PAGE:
Enter the code below is a standard VBE module. Then, open the destination worksheet (or create a new one), and then run the linkToExternal subroutine. It will ask for the source workbook, the source worksheet, and then the destination cells. The code will add in each destination cell a formula that links to the same cell in the source worksheet.

Option Explicit

Sub linkToExternal()
If ActiveWorkbook Is Nothing Then
MsgBox "Please open the destination workbook before running this macro"
Exit Sub
End If
Dim FName
FName = Application.GetOpenFilename( _
Title:="Please select the source workbook")
If TypeName(FName) = "Boolean" Then Exit Sub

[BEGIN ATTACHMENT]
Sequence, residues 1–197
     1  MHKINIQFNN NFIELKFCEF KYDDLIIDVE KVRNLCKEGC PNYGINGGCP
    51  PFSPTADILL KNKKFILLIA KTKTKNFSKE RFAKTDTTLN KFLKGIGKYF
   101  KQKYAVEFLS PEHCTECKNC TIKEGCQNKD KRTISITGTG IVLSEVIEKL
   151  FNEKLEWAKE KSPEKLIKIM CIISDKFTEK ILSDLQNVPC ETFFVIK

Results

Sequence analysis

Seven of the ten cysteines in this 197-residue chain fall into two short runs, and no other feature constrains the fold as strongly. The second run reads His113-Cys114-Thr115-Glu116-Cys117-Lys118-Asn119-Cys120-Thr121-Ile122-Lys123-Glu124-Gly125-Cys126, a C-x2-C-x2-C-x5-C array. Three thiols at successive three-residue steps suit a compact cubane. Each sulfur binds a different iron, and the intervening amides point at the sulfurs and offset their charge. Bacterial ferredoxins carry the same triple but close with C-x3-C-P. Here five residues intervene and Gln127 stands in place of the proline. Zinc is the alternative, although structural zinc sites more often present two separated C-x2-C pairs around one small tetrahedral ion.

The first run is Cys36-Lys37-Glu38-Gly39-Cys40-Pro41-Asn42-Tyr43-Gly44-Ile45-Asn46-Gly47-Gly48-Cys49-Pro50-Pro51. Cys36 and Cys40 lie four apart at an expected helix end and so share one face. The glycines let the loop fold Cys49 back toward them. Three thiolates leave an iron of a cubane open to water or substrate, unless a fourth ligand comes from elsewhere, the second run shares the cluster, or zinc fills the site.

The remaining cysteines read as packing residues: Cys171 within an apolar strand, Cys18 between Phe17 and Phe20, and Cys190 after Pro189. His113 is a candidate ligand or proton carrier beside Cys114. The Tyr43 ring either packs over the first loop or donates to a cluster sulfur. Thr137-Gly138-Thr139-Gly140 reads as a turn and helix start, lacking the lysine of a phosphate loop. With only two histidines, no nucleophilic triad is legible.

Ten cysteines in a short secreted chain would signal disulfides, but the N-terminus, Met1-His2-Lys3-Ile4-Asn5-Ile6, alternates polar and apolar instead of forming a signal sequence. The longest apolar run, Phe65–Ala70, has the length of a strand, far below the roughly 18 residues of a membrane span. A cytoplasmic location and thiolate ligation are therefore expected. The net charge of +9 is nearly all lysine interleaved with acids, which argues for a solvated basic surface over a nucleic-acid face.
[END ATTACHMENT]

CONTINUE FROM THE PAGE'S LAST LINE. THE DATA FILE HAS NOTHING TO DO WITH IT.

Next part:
FName = Left(FName, InStrRev(FName, Application.PathSeparator)) _
& "[" & Mid(FName, InStrRev(FName, Application.PathSeparator) + 1) _
& "]"
Dim SheetName
SheetName = Application.InputBox("Please enter the name of the source sheet", Type:=2)
If TypeName(SheetName) = "Boolean" Then Exit Sub
FName = "='" & FName & SheetName & "'!"
Dim Rng As Range
On Error Resume Next
Set Rng = Application.InputBox( _
"Please select the destination cells into which you want the corresponding source cell values", _
Type:=8)
On Error GoTo 0
If Rng Is Nothing Then Exit Sub
Dim aCell As Range
For Each aCell In Rng
aCell.Formula = FName & aCell.Address(True, True)
Next aCell
End Sub

Passing Arguments to a Userform

The Initialize event of userforms doesn’t take an argument, so you can’t pass data directly to it. Here are three ways to pass a variable to a userform.

Global Variable